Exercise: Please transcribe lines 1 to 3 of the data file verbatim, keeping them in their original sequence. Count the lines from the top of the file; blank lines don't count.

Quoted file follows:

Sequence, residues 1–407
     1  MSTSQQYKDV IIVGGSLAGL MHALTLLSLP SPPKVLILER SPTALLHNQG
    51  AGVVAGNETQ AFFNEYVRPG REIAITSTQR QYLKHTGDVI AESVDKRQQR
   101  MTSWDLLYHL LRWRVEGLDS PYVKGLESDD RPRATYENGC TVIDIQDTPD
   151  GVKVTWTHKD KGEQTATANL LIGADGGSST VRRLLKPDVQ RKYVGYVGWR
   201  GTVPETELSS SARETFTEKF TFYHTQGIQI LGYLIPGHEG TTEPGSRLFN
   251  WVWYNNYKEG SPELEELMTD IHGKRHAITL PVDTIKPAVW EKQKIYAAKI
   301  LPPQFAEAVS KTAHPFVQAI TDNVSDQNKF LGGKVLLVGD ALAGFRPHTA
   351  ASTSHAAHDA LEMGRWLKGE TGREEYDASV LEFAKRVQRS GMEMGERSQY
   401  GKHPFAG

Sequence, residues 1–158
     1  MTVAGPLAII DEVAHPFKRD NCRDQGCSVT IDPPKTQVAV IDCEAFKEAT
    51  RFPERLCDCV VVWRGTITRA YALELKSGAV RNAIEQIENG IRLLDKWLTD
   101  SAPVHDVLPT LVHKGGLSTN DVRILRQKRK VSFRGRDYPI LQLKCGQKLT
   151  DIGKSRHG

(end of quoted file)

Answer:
Sequence, residues 1–407
     1  MSTSQQYKDV IIVGGSLAGL MHALTLLSLP SPPKVLILER SPTALLHNQG
    51  AGVVAGNETQ AFFNEYVRPG REIAITSTQR QYLKHTGDVI AESVDKRQQR